the pressures of conformity he might not assert the superiority of his
perceptions. By not asserting their pertanency he could retain some of the
security offered by agreement with the majority. It could be hypothesized that a
significant percentage of persons who are perceptive in specialized ways are
correspondingly unaware of what is required to protect themselves from the actions
of the mindless majority. One might vainly wish that the majority was not so
sensitive about differences, but, that is why they are the majority.
The balance sought between openness of expression about sensual perception on the
one hand and blind sensual exclusivity on the other and formal hierarchal
expression on the other could well describe a situation in which anxiety about the
validity of one’s perceptions comes into conflict with the need for companionship
and the reassurances obtained through agreement. If most of the people around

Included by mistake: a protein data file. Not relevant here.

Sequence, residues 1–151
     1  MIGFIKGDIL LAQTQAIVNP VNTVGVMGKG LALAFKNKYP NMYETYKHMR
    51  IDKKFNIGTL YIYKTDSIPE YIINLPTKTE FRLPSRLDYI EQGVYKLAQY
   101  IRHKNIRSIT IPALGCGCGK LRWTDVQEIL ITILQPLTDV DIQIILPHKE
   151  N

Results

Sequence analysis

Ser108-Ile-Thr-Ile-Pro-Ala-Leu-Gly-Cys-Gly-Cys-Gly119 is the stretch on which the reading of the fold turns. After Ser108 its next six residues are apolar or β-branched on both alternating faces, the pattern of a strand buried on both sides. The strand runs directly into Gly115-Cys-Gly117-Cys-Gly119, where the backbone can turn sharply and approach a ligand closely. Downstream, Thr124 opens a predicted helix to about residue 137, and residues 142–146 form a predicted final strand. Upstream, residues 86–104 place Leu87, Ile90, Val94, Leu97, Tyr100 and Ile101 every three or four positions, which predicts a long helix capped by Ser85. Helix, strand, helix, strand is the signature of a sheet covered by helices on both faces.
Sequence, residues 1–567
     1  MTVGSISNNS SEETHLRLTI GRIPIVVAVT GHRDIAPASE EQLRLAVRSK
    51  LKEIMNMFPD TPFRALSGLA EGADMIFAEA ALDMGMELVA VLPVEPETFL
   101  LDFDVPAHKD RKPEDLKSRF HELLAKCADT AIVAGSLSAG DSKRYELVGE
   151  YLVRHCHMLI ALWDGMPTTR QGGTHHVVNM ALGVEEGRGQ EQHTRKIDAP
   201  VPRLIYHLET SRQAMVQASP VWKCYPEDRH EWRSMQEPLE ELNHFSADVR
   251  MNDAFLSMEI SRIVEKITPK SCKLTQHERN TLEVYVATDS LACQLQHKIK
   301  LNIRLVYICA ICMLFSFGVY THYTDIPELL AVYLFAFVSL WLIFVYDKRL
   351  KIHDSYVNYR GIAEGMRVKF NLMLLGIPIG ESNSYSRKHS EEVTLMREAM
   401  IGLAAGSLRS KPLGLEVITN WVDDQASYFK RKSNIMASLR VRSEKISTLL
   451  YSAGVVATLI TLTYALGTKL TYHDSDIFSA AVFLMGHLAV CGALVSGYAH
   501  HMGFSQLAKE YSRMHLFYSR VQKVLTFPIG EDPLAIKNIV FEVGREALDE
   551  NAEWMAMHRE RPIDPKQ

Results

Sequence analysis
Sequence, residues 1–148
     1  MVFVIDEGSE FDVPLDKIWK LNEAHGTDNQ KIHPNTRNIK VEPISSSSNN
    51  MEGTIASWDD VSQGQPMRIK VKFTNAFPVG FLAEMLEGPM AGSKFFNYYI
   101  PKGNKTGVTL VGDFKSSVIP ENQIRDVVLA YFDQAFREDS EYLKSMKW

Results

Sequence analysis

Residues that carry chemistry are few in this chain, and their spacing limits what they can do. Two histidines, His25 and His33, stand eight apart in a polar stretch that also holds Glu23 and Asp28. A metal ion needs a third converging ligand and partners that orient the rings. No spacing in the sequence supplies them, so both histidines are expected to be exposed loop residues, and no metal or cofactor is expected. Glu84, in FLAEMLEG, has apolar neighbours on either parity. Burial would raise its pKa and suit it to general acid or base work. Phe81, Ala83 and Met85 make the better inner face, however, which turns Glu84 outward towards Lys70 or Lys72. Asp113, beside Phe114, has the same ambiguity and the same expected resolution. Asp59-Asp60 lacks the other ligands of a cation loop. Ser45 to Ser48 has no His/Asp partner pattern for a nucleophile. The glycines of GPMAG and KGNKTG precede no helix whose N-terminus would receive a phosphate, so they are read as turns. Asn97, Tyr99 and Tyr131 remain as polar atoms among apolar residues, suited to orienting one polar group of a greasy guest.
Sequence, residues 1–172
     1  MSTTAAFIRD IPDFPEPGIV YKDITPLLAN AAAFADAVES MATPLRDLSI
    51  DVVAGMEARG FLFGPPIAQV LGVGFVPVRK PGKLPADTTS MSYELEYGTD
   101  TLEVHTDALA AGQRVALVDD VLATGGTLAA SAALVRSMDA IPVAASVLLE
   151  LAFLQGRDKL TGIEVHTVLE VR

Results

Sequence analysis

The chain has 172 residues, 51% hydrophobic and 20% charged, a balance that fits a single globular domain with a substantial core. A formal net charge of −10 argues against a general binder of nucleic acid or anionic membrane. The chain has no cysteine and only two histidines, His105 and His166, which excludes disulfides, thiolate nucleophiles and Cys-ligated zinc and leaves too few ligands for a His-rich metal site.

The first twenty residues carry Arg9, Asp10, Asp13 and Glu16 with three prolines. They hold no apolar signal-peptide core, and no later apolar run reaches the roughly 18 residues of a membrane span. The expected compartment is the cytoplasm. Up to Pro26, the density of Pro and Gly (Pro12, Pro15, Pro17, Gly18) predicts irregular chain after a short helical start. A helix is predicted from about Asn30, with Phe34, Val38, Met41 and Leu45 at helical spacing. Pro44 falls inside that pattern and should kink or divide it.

cannot, or will not, see the world as a more perceptive person sees it, the more
perceptive person is required to adjust to the less adequate perceptions of the
majority or suffer the risk of social and psychological alienation. In such a
world one becomes aware that functional reality is a matter of opinion, and that,
in general, the most persuasive opinion is that one held by the majority…at the
level where the greatest number of sense data are held in common by the greatest
number of persons.

The low agree-ers may perceive more expertly than do their chronological peers or
even their program-bound teachers, but in an environment dominated by the inexpert
their voice will have little effect and even matters of art will be determined by
consensus. In such a situation one might expect the perpetuation of practices on
the part of teachers who have consistently been rewarded for behavior which
encourages mediocre, unsure, and inept, but safe, conforming and expected
responses.
We might also consider the possibility that GPA can as readily be determined by
the expertise of the student in assessing and adapting to the level of group
awareness—merely as a function of the normal attraction toward the mean awareness—
although it may be interpreted to imply excellence within the discipline. The
continuance of practices which reward agreement and, at best, ignore, or worse,
punish insight might be the unexpected result of determining suitability to teach